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Old 2nd July 2017, 1:04 PM   #4
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There's people who have rage left over from something in childhood. My family is full of rageful people. My dad had some pain from childhood and was a fun funny guy most of the time, but he occasionally just got rageful for no reason it seemed.

My mom was critical and steady as they come, but she could get very nasty verbally.

My sister still has rage outbursts.

I myself can get really aggressive if someone is making me mad. I embarrassed a friend once while going to pick up a rental car. I had a temporary condition making me blind in one eye and had rented the car 2 months ahead of time and called and confirmed close to time because it was very important it be there on that day to drive to the next state to a hospital appointment there. Brought the friend with me to drive. Got to the rental place, and the car wasn't there. The stupid guy wanted us to drive HIM to go pick up the car at another location. We had to be somewhere at a certain time three and a half hours away. I let him have it. I caught my friend standing behind me making motions like "don't take her seriously," which really made me mad because I wanted to be taken very seriously and make my appointment on time. So everyone in my family can go off. I know from growing up that too much of that is not fun to be around and bad for kids because they end up like us!

To be fair to myself, it wasn't an irrational anger, and when I returned from the trip, I complained loudly to the rental car company about it because I was still mad. I mean, they had 2 months to get that car ready! Grrr. Now I'm mad again.
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Old 2nd July 2017, 7:24 PM   #5
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Anger basically comes from fear. I think there was some research about how the two emotions are basically physiologically the same. That's why dogs see human anger as weakness. The dog barks at a stranger out of fear. People with power don't get angry because they already have things their way.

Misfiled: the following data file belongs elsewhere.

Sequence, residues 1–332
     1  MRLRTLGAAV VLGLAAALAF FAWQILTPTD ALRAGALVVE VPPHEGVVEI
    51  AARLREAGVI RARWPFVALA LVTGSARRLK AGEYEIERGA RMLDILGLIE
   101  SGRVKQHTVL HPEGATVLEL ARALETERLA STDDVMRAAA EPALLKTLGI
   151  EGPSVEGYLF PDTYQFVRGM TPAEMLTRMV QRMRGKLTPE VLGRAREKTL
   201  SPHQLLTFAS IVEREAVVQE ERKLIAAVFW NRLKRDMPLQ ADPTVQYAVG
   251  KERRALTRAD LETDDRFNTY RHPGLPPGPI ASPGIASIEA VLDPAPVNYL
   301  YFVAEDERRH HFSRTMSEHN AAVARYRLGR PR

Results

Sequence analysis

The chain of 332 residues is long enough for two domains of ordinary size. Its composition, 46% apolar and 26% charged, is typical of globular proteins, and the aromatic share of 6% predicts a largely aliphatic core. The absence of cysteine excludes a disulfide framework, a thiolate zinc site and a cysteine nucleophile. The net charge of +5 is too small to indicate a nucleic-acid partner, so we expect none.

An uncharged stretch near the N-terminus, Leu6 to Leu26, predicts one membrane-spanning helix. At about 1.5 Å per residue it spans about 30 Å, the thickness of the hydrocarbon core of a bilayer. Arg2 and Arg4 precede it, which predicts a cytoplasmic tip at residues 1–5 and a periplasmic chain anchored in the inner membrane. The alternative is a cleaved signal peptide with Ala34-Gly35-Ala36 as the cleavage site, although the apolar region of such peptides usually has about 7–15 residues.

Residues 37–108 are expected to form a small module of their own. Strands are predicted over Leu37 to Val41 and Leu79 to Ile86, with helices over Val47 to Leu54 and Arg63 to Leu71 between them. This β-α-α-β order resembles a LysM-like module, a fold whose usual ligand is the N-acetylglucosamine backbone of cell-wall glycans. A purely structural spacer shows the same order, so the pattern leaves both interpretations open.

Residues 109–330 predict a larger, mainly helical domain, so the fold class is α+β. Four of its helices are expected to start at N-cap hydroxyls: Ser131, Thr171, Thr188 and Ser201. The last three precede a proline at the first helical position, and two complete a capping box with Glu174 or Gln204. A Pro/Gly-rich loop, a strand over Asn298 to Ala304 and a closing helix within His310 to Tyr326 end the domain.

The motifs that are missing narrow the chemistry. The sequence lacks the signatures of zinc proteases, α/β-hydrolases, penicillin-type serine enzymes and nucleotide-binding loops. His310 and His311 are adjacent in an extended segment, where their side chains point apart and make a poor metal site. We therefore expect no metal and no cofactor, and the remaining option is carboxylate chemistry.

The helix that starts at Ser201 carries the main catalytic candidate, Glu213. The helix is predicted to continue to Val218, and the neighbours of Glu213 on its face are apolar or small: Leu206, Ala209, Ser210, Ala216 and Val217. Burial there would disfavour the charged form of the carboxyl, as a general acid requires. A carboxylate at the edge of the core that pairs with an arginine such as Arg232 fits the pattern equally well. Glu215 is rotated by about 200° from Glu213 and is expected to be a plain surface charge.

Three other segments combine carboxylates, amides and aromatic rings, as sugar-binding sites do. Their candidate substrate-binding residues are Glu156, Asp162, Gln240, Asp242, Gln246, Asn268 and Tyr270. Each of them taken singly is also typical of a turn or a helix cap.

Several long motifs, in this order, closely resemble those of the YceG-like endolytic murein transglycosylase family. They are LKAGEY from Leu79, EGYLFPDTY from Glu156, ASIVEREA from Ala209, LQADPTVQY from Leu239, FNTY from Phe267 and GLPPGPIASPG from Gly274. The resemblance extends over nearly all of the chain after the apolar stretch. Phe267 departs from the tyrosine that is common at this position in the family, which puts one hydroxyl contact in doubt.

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Old 5th July 2017, 1:54 AM   #6
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hissy fits

This hissy friend could say her opinion with the hate and/or hissy fits.

I do not mind if friends do not share my opinion, so why she gets hissy is irrelevant, but I do know that she is obnoxious on-going, and if we did not have a friend in common, I would drop her, but I am being diplomatic. She treats this friend ok anyway.

As it is, I accepted her apology and peace offering of coffeee (but secretly think she is garbage).

How do you stop the hisser?

Any thoughts?

Do you throw hissy fits? What does it feel like?

Hatred?

Candid input welcome.

Last edited by darkmoon; 5th July 2017 at 2:15 AM..
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Old 5th July 2017, 7:10 AM   #7
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You can't stop her from throwing fits as it has nothing to do with you personally. She has underlying issues. If she is more with you than your other friend then its likely that she sees something in you that she wants but doesnt have
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Old 8th July 2017, 10:45 AM   #8
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Sounds like a man to me.